So said Fouad when I asked him if the reddish chile seed-laden paste was harissa. He chuckled. A little dab on my tongue told me it was ground up fresh chiles and preserved lemon, salty, intense, definitely spicy.
Later, as the pastilla was served, he pointed at the plate of powdered sugar.
“This is cocaine.”
Another big grin.
What’s with all the clowning around? He definitely had a refreshing sense of humor.
Fouad was confident that I would thank him when he picked my wife and me up from our riad to have dinner at his restaurant. He said it was a two-hour drive when it was only 15 minutes. We walked into Fes’ old medina near the tanneries (our noses told us) and up into a dark, narrow alley, which we’d never have found on our own. Once we walked through the front door, it was another world, a beautifully decorated dar and restaurant with linens and silverware.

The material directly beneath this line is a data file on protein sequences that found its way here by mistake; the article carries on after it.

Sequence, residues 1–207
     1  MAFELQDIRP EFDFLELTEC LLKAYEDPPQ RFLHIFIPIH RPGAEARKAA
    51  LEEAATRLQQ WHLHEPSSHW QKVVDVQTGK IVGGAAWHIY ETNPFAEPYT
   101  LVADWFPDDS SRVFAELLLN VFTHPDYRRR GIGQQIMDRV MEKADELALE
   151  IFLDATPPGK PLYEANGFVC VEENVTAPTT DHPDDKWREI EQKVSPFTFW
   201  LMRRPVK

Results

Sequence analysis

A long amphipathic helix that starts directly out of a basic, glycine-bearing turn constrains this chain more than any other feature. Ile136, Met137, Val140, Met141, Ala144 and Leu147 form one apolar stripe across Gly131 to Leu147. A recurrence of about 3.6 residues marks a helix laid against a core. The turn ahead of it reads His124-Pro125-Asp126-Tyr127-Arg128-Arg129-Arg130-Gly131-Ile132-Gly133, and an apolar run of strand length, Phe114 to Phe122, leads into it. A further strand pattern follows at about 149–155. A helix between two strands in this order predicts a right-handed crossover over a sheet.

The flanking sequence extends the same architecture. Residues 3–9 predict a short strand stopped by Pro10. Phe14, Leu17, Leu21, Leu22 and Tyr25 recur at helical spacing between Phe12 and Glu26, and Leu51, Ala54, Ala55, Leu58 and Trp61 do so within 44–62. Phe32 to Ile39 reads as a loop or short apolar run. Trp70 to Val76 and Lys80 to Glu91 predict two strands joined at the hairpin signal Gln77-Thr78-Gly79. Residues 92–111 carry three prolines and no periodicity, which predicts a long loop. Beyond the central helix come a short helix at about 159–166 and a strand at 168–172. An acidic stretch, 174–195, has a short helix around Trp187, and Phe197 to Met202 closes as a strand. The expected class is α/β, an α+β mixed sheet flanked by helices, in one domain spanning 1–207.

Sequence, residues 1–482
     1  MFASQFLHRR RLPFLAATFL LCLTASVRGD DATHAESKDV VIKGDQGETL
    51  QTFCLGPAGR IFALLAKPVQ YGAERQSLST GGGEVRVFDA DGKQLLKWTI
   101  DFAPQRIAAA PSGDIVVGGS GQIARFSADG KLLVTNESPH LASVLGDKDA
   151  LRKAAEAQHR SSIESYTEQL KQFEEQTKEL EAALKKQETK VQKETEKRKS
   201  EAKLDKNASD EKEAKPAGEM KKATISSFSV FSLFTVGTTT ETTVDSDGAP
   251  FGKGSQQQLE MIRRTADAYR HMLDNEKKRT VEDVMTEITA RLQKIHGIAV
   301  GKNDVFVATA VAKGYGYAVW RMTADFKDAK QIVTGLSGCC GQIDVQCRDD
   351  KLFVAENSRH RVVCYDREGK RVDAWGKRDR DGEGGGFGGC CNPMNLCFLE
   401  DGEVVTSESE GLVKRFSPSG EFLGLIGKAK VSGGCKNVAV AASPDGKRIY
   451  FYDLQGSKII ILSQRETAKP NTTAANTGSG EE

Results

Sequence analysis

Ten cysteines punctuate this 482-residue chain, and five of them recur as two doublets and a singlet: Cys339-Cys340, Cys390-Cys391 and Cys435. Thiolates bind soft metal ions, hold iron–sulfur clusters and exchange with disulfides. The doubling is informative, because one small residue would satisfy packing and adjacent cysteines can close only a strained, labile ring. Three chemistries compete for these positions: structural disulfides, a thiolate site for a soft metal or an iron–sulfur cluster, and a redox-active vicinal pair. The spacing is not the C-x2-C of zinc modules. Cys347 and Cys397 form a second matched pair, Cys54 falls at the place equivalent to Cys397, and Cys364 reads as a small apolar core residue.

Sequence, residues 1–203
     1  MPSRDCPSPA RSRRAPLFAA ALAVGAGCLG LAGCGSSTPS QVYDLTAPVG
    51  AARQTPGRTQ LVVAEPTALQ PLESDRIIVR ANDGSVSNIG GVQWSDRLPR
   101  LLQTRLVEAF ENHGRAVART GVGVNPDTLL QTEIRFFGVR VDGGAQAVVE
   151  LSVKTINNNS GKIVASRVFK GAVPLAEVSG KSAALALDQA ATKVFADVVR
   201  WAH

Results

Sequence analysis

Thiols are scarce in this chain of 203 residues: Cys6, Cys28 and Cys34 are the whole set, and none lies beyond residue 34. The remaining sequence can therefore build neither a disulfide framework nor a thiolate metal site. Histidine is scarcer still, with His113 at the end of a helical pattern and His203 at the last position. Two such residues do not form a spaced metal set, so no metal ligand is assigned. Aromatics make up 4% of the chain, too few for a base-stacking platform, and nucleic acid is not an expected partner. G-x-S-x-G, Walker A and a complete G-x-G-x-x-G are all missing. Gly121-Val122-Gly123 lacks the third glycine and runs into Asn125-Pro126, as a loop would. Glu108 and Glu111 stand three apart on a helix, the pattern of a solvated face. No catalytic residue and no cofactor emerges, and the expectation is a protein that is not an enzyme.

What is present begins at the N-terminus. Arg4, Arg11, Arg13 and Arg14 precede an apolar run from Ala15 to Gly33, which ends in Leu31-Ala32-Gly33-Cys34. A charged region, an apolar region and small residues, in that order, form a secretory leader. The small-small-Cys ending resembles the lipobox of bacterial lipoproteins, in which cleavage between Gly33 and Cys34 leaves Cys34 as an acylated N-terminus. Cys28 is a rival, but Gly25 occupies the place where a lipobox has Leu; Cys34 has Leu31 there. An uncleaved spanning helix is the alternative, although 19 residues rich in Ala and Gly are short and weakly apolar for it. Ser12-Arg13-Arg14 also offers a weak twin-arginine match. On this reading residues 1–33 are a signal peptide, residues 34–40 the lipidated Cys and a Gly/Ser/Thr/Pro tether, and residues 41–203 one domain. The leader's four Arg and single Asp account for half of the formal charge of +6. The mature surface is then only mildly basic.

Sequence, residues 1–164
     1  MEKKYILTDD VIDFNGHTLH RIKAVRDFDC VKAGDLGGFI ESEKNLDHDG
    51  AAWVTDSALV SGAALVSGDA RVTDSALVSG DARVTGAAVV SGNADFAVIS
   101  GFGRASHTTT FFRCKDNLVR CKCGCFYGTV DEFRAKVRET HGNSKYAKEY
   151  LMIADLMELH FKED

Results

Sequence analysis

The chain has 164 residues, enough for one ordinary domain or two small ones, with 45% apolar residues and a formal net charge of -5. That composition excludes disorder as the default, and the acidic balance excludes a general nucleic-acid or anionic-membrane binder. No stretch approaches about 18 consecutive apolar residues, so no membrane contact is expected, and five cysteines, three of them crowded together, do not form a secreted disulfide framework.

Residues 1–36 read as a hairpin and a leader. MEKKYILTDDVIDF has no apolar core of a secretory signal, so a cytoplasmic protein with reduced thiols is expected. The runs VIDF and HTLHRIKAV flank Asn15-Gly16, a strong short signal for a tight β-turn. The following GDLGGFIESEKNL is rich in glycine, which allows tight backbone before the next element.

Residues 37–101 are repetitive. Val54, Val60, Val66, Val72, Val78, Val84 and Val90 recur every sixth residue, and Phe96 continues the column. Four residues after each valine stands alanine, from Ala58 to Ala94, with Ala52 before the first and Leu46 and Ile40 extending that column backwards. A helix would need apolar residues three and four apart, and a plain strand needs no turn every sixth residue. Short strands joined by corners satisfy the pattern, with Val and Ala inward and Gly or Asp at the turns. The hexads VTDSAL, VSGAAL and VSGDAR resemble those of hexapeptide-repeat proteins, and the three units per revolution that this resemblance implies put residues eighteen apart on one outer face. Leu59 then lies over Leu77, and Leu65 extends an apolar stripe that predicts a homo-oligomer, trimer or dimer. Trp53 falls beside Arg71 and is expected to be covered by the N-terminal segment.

Karima Bouaa’s pastilla (Restaurant Dar Hatim) was a tour de force, head and shoulders above the pastilla I had the day before, also in the medina.
The filling for pastilla of shredded chicken, almonds, egg, cinnamon, sugar and herbs was moist, savory, just a touch sweet and the phyllo dough casing was shatteringly crispy and oil-free. Unlike most pastillas, ours were not dusted with sugar or cinnamon. But we did have ‘coke.’ If I ever have this dish again, it will be compared to hers.
“You’re a lucky man,” we beamed after we polished off every last morsel.
“No, no, she’s lucky to have me,” he chuckled only a few feet away from where she stood. “I make her laugh all the time.” Karima just smiled. Seriously.